A wonderful experience

By Elena Burgaz

A lot to talk about but too tired to talk about everything. Today’s (August 5th) work was exhausting but very fulfilling. The day consisted of very warm and humid hours continuously standing up, but you realized it was worth it when you saw the patient’s enormous smiles or when they profusely thanked you. I started my rotation in the E.R and consequently finished my first day by working in  Pediatrics. I enjoyed every single minute of it, and I really felt I was a great help. For those who don’t know what I do, I am here as part of ASB TUMI 2016 project.


Medical students and doctors wait as they hear their assignments. The excitment is palpitable and we are told hundreds of patients have been waiting since last night to see us.


Tomas Premoli & Dr. Gorz discuss a patient’s case.












I’m in charge on translating the conversation between doctors and patients. I was able to come to this trip thanks to Mr. Christian Orlic, my teacher at the American School of Barcelona, though I live in Barcelona I’m originally from Mexico. Mr. Christian said, “I think that this is a wonderful opportunity for our students to learn while adding value and contirbuting to MSU’s wonderful project”. Mrs Marta has also provided much guidance in coordianting the trip. I consider myself an international student since I’ve lived throughout the world, including Lima in Peru, therefore I thought I really knew what I was going to see here in Iquitos, but I was totally misguided.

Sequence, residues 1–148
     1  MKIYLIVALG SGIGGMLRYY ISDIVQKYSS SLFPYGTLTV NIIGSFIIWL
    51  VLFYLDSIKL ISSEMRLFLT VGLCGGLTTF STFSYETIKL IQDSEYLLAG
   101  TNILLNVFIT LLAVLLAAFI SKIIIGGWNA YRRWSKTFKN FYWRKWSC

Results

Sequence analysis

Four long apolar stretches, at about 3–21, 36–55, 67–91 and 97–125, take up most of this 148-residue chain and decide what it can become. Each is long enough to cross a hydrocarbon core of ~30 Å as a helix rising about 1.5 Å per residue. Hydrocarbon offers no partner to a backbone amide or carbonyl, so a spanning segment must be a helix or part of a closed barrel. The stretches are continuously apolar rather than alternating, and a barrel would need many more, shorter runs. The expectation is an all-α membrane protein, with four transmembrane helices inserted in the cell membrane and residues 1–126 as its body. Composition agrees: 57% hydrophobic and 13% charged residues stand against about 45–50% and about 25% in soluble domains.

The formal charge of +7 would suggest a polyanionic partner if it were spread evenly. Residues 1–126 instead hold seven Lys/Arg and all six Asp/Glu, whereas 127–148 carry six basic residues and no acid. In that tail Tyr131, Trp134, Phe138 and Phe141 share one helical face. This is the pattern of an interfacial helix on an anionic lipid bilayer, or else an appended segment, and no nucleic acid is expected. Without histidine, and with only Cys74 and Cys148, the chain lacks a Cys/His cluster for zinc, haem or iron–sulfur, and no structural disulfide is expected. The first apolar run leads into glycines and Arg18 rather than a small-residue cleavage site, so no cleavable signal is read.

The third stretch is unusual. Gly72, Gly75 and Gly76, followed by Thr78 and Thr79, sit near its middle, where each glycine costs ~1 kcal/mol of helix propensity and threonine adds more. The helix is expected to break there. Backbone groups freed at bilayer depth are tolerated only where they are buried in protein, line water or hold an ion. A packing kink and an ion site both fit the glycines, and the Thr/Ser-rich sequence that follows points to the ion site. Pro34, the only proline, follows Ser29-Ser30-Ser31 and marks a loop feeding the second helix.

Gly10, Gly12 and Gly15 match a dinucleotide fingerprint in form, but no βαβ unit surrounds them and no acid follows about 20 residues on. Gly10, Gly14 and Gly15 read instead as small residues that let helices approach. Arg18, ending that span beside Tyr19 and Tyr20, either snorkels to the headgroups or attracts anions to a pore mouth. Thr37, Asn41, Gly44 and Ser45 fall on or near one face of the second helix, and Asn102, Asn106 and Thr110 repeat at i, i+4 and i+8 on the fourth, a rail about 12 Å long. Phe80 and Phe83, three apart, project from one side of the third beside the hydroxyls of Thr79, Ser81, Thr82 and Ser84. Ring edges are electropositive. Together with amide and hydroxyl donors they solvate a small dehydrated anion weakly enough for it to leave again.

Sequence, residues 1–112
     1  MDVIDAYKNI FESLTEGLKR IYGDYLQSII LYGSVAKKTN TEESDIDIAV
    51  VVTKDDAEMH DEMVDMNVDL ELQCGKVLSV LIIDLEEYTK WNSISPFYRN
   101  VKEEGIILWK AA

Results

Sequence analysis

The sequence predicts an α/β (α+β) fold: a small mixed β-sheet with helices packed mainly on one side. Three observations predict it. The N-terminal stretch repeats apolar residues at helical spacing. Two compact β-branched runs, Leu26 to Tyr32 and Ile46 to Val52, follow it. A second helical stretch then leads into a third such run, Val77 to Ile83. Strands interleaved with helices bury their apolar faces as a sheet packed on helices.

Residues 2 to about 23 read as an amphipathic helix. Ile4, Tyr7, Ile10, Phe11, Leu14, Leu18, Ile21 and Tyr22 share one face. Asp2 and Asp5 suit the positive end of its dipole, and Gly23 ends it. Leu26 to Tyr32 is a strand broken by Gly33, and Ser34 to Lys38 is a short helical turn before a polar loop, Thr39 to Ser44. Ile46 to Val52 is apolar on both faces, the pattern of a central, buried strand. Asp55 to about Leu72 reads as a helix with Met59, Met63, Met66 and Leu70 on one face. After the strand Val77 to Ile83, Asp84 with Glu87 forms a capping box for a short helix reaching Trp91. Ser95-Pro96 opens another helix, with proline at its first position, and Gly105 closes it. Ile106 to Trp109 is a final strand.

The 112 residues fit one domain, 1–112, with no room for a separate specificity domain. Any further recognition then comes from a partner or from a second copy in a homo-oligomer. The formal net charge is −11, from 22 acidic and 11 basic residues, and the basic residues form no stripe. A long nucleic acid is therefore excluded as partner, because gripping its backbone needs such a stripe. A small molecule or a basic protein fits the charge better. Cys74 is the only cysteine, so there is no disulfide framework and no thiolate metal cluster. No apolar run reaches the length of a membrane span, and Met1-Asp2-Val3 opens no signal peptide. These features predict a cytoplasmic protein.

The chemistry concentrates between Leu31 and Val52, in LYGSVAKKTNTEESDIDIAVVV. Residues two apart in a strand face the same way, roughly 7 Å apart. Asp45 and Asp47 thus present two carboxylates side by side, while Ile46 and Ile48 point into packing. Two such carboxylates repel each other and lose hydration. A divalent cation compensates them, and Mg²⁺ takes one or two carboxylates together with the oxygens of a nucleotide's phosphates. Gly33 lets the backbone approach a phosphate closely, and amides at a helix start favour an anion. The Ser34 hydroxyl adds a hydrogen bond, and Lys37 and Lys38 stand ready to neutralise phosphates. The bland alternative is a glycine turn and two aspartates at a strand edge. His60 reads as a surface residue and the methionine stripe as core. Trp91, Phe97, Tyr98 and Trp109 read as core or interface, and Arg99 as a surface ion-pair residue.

The team breaks for lunch

I thought I was going to find the city in much worse conditions but I’m pleased to say it’s not. Although it not as bad as I thought, it’s still pretty underdeveloped. Although people here face what appears to many outsiders to be terrible conditions, they are always being grateful for what they have. They are also very generous with those less fortunate than themselves. For example the other day when we were on the bus to go to a restaurant, (by the way the food is delicious) I was looking out the window and saw a homeless person sitting down in the street asking for money. I thought to myself that he probably doesn’t get any money because people here aren’t economically favored. But I was wrong, a few seconds later I saw another man, whose clothes suggested he too was poor, come by and gave him a couple coins. I was impressed. They have huge hearts, and they would do anything for their city.


ASB TUMI 2016 & Dr Gary Wilyerd (director of MSU Peru Global Outreach Program).

Going back to medicine I also wanted to share the most interesting thing I saw today. It was during my E.R rotation, with David and Scott (by the way they are wonderful and promising medical students, and they are really funny too). A two year old patient was brought into the examination room. She had a heart condition, very rare in the U.S but common in third world countries. I had the opportunity to listen to her heart murmur, which was very prominent. I loved that experience, since I want to be a cardiothoracic surgeon when I grow up. I also got to see the ultrasound which was amazing. Apart from that case, all cases were also interesting because I got to learn a lot of new things. And even though I’m very young (15 years old) I want to keep coming back every year, even when I actually complete my career goals. I just absolutely loved this day, I would even classify it as one of the best days of my life. Thank you Michigan State University for making this project possible.

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